IE11 Not Supported

For optimal browsing, we recommend Chrome, Firefox or Safari browsers.

Key Government Entities Making Moves on Internet

While Los Angeles County weighs a comprehensive report on broadening Internet access, San Jose turns to cryptocurrency as a way to fund residents’ access.

Los Angeles County, the most populous in the nation, is considering a wide-spanning digital equity report that might have the potential to lead to rapid large-scale deployment of solutions aimed at bringing Internet access to every resident in the county.

The report from the Internal Services Department is titled Utilizing Existing Infrastructure and Resources to Accelerate Digital Equity. It’s a public report, submitted late last month, and it includes options for a county-owned municipal broadband service, as well as public-private partnerships, and a set of RFI (request for information) proposals received from service providers that could lead to new access for as many as 300,000 households that now lack Internet.

The intention behind all of this is to find effective options that could lead to bolstered Internet access throughout Los Angeles County by the end of the calendar year.

Meanwhile, the city of San Jose, the nation’s 10th-largest city, has launched an initiative that will pilot the use of cryptocurrency to help residents pay for Internet over the course of six months.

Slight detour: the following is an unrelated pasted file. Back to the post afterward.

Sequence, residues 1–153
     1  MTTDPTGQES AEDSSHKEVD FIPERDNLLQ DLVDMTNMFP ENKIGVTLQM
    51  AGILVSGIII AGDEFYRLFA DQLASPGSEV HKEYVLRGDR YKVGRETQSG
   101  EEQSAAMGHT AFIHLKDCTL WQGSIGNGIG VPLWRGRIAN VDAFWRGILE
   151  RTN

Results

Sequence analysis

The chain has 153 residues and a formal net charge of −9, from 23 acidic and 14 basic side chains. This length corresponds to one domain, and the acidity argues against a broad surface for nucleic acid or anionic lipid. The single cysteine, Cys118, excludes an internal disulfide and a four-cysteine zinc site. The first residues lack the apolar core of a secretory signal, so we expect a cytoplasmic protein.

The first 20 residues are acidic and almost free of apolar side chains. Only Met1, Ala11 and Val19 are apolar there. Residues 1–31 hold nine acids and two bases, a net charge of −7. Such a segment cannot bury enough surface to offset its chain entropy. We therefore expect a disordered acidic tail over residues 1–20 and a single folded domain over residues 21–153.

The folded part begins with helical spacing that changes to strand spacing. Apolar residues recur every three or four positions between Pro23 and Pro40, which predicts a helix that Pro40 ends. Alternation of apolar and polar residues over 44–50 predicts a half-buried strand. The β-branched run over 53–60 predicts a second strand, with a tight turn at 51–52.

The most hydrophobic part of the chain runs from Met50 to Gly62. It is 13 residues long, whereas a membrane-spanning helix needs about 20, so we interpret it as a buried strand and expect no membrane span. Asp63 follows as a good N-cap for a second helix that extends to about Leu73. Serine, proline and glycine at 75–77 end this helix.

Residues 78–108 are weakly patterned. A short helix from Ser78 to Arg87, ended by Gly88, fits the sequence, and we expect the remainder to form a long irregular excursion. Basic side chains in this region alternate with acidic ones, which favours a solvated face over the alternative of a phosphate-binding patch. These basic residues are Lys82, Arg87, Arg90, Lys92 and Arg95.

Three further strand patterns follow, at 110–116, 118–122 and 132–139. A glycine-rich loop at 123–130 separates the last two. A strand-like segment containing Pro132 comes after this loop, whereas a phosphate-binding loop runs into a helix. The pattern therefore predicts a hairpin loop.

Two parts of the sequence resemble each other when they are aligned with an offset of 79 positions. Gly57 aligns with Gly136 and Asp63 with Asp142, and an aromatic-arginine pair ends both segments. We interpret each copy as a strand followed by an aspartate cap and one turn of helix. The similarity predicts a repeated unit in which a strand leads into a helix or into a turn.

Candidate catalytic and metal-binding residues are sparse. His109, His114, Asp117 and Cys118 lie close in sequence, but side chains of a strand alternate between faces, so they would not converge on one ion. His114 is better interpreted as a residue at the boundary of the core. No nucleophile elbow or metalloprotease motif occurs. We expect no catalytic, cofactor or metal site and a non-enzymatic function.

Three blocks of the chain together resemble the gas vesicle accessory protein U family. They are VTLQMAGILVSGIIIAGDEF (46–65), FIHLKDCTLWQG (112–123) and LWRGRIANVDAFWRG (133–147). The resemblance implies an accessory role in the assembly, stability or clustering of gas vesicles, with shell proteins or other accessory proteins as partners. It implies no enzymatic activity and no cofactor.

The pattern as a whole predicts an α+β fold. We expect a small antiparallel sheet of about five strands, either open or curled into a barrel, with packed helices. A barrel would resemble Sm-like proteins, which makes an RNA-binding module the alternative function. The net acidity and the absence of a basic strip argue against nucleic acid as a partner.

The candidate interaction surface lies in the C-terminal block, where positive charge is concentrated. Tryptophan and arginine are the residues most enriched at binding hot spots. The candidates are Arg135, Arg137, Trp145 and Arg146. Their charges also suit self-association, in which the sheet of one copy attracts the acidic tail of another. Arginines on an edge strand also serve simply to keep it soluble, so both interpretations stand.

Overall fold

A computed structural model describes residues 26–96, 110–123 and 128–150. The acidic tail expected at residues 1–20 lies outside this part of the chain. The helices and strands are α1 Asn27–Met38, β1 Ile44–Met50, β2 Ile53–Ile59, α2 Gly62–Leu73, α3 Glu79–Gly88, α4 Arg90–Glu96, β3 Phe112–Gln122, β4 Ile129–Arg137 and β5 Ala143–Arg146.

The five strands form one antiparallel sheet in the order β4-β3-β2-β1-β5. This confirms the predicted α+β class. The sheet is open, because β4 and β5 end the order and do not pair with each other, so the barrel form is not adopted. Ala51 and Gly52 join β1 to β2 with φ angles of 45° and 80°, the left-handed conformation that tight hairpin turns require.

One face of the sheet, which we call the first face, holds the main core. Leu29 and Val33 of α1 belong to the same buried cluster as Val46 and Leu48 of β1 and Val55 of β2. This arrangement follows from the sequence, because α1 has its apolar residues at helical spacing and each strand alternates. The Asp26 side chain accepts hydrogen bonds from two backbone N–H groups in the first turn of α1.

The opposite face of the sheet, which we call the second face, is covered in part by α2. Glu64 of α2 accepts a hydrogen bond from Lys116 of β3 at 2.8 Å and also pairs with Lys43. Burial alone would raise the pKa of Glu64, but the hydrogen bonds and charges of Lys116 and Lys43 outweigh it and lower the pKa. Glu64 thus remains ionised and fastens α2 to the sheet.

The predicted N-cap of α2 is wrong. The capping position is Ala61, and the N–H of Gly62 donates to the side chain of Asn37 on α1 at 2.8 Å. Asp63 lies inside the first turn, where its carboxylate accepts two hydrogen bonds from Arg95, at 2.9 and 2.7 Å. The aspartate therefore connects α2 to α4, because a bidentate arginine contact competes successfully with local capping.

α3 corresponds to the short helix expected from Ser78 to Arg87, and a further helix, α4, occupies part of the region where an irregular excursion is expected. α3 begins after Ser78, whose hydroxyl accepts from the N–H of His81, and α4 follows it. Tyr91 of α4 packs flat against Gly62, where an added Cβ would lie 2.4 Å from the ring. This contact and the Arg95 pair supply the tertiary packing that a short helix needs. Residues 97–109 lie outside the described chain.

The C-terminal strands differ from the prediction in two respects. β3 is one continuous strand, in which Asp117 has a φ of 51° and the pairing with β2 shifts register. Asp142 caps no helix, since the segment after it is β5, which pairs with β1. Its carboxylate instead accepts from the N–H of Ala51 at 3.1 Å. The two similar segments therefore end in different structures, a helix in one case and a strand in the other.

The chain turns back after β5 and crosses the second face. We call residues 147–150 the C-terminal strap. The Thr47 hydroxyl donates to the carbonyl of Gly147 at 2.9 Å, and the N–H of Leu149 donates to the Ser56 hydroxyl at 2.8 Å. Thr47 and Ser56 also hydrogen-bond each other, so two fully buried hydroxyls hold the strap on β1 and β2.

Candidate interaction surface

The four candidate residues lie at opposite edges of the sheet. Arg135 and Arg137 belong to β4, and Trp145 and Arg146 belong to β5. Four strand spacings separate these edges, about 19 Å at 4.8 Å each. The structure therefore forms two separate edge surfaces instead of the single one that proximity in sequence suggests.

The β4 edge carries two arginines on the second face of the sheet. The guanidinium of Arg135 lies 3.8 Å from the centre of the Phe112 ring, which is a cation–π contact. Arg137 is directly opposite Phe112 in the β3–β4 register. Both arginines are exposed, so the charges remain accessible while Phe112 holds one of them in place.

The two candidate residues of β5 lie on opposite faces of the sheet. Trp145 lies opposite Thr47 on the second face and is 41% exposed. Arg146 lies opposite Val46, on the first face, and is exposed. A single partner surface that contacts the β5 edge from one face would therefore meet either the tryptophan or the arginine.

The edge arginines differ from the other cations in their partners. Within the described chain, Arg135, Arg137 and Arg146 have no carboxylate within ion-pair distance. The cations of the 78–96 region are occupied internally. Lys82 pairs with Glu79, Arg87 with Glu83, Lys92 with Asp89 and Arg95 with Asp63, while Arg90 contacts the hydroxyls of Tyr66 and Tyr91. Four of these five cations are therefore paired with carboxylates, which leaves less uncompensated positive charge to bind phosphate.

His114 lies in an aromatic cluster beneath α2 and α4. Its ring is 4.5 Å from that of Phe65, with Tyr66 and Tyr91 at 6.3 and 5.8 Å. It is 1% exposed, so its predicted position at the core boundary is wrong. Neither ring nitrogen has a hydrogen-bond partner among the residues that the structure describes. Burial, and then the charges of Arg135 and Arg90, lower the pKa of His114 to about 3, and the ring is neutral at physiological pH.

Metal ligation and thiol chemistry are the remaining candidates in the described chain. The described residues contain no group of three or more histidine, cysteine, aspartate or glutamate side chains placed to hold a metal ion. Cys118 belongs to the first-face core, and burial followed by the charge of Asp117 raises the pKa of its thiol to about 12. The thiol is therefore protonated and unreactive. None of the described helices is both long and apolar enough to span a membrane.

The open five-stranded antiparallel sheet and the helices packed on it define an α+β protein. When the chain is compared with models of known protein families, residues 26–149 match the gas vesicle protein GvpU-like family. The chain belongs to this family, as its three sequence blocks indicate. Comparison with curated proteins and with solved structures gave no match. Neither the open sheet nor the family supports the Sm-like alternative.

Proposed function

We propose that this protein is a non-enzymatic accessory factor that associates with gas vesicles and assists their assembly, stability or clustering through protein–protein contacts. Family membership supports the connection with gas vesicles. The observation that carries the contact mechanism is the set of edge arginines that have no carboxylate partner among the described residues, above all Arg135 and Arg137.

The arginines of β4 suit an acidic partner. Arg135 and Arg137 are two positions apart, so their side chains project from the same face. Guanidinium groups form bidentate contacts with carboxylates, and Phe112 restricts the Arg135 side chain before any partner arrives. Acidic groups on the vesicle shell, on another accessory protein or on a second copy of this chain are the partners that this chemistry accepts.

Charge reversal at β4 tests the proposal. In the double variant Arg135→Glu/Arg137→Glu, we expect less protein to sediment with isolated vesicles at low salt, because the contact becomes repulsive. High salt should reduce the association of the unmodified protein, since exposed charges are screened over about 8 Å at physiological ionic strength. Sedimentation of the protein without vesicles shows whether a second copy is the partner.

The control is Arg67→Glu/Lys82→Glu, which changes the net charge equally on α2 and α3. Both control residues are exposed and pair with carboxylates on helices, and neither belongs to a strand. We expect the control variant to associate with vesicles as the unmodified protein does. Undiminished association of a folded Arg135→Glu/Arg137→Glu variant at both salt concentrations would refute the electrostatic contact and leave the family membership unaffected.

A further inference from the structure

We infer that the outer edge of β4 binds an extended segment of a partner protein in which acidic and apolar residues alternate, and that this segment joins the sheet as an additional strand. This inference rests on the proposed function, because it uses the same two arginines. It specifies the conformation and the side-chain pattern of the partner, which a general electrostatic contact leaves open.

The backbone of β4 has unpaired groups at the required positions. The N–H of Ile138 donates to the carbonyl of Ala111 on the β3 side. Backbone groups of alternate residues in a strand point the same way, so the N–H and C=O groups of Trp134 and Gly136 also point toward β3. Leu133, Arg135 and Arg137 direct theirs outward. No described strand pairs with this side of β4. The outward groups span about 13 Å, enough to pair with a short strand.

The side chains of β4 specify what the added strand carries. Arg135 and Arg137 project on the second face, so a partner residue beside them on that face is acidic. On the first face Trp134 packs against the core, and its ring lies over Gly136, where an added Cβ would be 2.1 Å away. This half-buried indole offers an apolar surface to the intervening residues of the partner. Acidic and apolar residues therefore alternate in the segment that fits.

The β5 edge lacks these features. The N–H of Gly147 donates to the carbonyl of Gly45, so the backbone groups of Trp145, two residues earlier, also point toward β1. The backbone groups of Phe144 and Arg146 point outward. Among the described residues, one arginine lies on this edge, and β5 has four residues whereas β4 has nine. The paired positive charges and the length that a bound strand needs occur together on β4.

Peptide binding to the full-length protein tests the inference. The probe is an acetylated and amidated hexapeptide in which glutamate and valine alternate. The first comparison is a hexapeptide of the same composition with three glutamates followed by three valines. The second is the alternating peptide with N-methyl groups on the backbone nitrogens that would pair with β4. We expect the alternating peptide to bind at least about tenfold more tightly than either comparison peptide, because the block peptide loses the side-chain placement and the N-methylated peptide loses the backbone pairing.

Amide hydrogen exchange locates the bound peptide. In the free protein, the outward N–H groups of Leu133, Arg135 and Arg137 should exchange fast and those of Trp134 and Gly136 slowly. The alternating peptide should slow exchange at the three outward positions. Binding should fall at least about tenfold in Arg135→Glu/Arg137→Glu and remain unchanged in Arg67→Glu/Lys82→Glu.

For this initiative, HNT cryptocurrency tokens will be mined through Helium Hotspot devices in partnership with the California Emerging Technology Fund and Helium. The tokens will be turned into prepaid cash cards to help about 1,300 low-income residents pay their Internet costs for one year.

Twenty Helium-compatible hot spots will be deployed and installed over the pilot period. The devices mine the currency with limited environmental impact, needing only the energy of an LED light bulb. In addition, the devices will contribute to the Internet of Things infrastructure, offering improved air quality monitoring, fire detection and other climate-related opportunities to the city.

San Jose is no stranger to the use of civic tech approaches in the service of fostering digital equity, with recent developments such as a digital platform to connect residents with mental health resources and expanding the city’s Digital Inclusion Fund.

Those interested in hosting a Helium hot spot in the city can fill out an online form.

This report first appeared in Techwire’s sister publication, Government Technology.
Zack Quaintance is the assistant news editor for Government Technology magazine. His background includes writing for daily newspapers across the country and developing content for a software company in Austin, Texas.
Julia Edinger is a staff writer for Government Technology. She has a bachelor's degree in English from the University of Toledo and has since worked in publishing and media. She's currently located in Southern California.